JURIST Guest Columnists S. James Anaya of the Rogers College of Law, University of Arizona, and Siegfried Wiessner of St. Thomas University School of Law say that the UN General Assembly’s recent landslide adoption of the UN Declaration on the Rights of Indigenous Peoples is a milestone in the re-empowerment of the world’s aboriginal groups, and that, in important parts, it reaffirms customary international law in the field …
The UN General Assembly’s adoption of the UN Declaration on the Rights of Indigenous Peoples on September 13, 2007 marked the end of a long journey, a milestone in the long and arduous march of what have come to be known as “indigenous peoples” through the major institution of organized intergovernmental society: the United Nations. It was a day of celebration for indigenous leaders and their rank and file scattered around the globe, united in a common fate of conquest, dispossession, marginalization and neglect, but also in the joy of rising again.
When the United Nations Working Group on Indigenous Populations was established in 1982, one of its key missions was the establishment of a declaration of rights of indigenous peoples. Indigenous peoples from around the world trekked to the Palais des Nations in Geneva each summer afterwards to articulate their claims to the members of the Working Group and state delegations. In 1993, under the inspirational leadership of long-time Chairperson Mrs. Erica-Irene Daes, agreement was reached by the Working Group on a “Draft Declaration on the Rights of Indigenous Peoples.” This draft became the basis for discussion within the UN Commission on Human Rights, which was replaced in 2006 by the Human Rights Council. In its first substantive decision, the Council on June 29, 2006, by a vote of 30 in favor, 2 against and 12 abstentions, adopted a revised text of the Declaration, and passed it on to the General Assembly for its final approval.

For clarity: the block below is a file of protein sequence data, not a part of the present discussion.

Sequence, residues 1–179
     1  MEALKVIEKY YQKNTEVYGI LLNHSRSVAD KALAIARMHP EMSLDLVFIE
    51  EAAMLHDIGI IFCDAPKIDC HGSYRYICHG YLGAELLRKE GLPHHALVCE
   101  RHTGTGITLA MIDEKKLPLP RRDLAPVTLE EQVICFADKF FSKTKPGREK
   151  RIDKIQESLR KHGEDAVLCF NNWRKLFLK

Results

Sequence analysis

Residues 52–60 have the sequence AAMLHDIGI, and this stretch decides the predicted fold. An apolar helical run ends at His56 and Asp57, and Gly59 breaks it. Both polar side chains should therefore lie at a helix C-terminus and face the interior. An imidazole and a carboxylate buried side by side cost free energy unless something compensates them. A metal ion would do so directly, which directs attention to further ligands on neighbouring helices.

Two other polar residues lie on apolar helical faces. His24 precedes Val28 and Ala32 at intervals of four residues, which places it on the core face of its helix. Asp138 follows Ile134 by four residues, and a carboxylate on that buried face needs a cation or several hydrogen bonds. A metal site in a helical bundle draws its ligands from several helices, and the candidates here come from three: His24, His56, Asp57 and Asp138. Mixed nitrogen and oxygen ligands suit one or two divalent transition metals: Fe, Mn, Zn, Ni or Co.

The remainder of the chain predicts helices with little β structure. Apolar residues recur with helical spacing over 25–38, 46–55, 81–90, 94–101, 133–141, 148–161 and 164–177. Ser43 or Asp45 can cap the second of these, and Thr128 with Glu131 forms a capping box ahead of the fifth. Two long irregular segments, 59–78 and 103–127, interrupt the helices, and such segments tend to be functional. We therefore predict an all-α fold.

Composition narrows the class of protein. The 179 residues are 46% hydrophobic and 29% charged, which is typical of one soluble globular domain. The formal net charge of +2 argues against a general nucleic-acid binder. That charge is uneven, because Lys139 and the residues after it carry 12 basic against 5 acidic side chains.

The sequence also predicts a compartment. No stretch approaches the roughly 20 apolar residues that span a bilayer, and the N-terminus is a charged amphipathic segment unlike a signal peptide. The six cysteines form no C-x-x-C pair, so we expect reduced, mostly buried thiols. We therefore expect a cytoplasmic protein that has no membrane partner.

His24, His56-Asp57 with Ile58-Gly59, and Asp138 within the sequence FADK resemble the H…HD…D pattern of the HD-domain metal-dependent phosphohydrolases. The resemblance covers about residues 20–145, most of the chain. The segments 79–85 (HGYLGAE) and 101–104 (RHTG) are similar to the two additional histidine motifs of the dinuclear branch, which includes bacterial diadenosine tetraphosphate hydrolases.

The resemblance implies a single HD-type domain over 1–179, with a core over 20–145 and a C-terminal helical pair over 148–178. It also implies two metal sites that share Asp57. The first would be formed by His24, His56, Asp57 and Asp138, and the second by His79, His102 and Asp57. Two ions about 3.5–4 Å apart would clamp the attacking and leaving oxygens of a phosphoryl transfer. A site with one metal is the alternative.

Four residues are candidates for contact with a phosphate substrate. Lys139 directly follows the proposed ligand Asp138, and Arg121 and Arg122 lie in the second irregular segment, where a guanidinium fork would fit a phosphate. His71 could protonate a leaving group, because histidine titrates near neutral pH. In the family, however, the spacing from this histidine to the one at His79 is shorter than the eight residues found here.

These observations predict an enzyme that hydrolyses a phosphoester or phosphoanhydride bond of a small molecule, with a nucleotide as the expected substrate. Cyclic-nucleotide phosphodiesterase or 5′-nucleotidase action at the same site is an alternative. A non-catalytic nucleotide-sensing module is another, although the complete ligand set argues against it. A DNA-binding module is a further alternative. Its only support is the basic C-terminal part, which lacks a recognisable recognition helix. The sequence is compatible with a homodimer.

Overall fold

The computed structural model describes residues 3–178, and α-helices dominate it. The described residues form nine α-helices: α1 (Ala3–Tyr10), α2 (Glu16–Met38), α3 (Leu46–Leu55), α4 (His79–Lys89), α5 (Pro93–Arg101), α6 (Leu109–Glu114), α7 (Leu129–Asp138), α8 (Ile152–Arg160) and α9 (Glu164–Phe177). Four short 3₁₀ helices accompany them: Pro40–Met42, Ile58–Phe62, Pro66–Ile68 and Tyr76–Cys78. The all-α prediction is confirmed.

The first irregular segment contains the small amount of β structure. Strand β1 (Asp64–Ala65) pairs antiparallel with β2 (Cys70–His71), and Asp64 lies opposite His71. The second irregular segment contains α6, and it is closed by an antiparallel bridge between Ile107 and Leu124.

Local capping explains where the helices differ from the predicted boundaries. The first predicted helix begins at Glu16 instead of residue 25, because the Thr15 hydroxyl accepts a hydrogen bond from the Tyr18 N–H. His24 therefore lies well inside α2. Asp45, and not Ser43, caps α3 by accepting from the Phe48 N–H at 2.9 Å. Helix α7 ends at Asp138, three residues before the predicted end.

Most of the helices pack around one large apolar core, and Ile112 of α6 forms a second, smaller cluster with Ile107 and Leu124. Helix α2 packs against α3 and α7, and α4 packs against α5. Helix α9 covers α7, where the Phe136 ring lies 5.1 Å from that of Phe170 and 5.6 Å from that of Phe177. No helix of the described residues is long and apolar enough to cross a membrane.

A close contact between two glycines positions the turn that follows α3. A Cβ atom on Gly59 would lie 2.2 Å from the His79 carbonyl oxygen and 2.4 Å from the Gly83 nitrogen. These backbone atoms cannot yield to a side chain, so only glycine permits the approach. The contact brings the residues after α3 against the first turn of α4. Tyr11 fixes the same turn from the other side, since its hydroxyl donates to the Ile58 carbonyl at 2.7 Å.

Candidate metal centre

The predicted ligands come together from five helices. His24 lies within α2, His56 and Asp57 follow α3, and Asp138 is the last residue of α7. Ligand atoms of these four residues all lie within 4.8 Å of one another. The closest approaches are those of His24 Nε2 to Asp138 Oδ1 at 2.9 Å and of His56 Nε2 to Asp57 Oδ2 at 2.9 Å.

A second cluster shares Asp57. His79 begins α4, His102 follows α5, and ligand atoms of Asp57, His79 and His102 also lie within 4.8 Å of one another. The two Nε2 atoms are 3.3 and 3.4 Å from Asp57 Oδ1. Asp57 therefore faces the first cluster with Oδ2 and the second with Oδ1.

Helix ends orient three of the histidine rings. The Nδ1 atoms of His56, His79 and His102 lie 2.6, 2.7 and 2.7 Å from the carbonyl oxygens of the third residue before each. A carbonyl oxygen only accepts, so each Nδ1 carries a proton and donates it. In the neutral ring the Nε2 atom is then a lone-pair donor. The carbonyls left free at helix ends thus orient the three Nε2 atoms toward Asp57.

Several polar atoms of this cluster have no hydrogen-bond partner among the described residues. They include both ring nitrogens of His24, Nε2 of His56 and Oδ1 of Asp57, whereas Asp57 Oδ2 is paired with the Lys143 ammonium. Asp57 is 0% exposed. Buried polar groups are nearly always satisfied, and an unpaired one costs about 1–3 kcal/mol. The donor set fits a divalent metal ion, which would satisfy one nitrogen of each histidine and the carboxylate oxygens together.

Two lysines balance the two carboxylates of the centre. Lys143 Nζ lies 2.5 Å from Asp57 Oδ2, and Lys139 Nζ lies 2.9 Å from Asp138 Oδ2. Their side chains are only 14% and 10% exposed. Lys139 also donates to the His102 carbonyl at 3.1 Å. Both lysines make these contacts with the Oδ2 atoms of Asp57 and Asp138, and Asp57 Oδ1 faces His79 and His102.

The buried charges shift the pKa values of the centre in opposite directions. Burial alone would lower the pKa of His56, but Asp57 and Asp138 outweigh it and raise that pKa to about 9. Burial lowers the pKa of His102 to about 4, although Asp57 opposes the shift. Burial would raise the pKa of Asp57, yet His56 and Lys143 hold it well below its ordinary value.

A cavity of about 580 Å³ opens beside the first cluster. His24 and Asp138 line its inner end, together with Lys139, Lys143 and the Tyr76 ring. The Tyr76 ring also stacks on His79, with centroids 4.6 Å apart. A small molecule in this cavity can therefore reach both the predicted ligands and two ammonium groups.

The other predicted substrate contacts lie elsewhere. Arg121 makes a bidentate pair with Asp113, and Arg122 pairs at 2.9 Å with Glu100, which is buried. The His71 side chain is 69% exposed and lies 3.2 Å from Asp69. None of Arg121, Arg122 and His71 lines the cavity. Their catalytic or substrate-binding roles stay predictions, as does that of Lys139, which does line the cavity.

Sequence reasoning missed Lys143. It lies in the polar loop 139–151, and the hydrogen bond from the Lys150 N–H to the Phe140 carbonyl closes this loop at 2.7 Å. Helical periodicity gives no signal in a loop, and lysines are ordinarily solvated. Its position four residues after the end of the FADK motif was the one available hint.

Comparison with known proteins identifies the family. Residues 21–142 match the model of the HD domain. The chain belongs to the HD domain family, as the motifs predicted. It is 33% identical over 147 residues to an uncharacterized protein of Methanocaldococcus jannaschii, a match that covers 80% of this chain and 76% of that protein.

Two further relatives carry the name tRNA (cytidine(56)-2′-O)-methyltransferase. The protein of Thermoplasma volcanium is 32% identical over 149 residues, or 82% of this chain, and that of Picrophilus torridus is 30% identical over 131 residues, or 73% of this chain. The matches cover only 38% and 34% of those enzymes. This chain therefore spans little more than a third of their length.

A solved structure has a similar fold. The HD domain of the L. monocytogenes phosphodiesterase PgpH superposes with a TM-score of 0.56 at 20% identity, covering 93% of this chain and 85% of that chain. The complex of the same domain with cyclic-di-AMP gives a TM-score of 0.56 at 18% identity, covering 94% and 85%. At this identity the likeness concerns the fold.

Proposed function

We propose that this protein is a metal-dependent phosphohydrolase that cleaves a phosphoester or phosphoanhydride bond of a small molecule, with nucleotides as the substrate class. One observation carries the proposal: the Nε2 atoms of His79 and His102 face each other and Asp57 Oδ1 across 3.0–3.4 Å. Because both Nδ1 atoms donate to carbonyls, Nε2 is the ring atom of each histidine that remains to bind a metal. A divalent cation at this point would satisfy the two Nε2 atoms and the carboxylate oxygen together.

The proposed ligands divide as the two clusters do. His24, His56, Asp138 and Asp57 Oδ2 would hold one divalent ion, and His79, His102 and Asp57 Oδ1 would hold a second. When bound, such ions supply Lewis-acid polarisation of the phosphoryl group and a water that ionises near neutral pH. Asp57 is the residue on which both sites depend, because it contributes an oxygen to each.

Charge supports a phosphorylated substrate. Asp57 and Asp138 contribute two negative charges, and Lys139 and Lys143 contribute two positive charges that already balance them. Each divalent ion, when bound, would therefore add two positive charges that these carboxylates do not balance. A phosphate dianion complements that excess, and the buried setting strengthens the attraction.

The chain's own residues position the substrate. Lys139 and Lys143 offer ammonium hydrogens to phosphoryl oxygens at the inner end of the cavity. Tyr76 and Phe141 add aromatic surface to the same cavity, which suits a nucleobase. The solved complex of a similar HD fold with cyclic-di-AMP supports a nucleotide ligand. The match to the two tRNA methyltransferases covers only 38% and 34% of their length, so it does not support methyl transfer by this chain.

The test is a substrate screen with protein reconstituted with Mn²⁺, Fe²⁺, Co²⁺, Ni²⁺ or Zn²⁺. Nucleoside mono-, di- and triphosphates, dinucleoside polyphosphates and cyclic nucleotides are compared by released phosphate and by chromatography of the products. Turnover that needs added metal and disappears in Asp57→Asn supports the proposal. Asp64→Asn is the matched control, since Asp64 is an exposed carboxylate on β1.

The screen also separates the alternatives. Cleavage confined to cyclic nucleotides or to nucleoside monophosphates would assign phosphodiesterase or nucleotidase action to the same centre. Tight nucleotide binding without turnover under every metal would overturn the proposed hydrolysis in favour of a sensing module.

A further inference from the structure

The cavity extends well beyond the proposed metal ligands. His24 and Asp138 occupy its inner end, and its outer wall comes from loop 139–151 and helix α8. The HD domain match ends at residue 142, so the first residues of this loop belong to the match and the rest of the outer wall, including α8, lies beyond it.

Beyond recognition of the right to self-determination, the Council’s text formulated an array of tailor-made collective rights, such as the right to maintain and develop their distinct political, economic, social and cultural identities and characteristics as well as their legal systems and to participate fully, “if they so choose,” in the political, economic, social and cultural life of the State. They were guaranteed the right not to be subjected to genocide or ethnocide, i.e., action aimed at or affecting their integrity as distinct peoples, their cultural values and identities, including the dispossession of land, forced relocation, assimilation or integration, the imposition of foreign lifestyles and propaganda. The stated rights guaranteed to indigenous peoples as groups, not only as individual persons, include the right to observe, teach and practice tribal spiritual and religious traditions; the right to maintain and protect manifestations of their cultures, archaeological-historical sites and artifacts; the right to restitution of spiritual property taken without their free and informed consent, including the right to repatriate Indian human remains; and the right to protection of sacred places and burial sites. Further listed are the rights to maintain and use tribal languages, to transmit their oral histories and traditions, to education in their language and to control over their own educational systems. They are afforded the right to maintain and develop their political, economic and social systems, and to determine and develop priorities and strategies for exercising their right to development. Their treaties with States should be recognized, observed and enforced. Last, but not least, the Declaration supports the right of indigenous people to own, develop, control, and use the lands and territories which they have traditionally owned or otherwise occupied and used, including the right to restitution of lands confiscated, occupied or otherwise taken without their free and informed consent, with the option of providing just and fair compensation wherever such return is not possible. The document, in particular, goes beyond ILO Convention No. 169 in its statements on self-determination, land and resource rights, as well as political autonomy.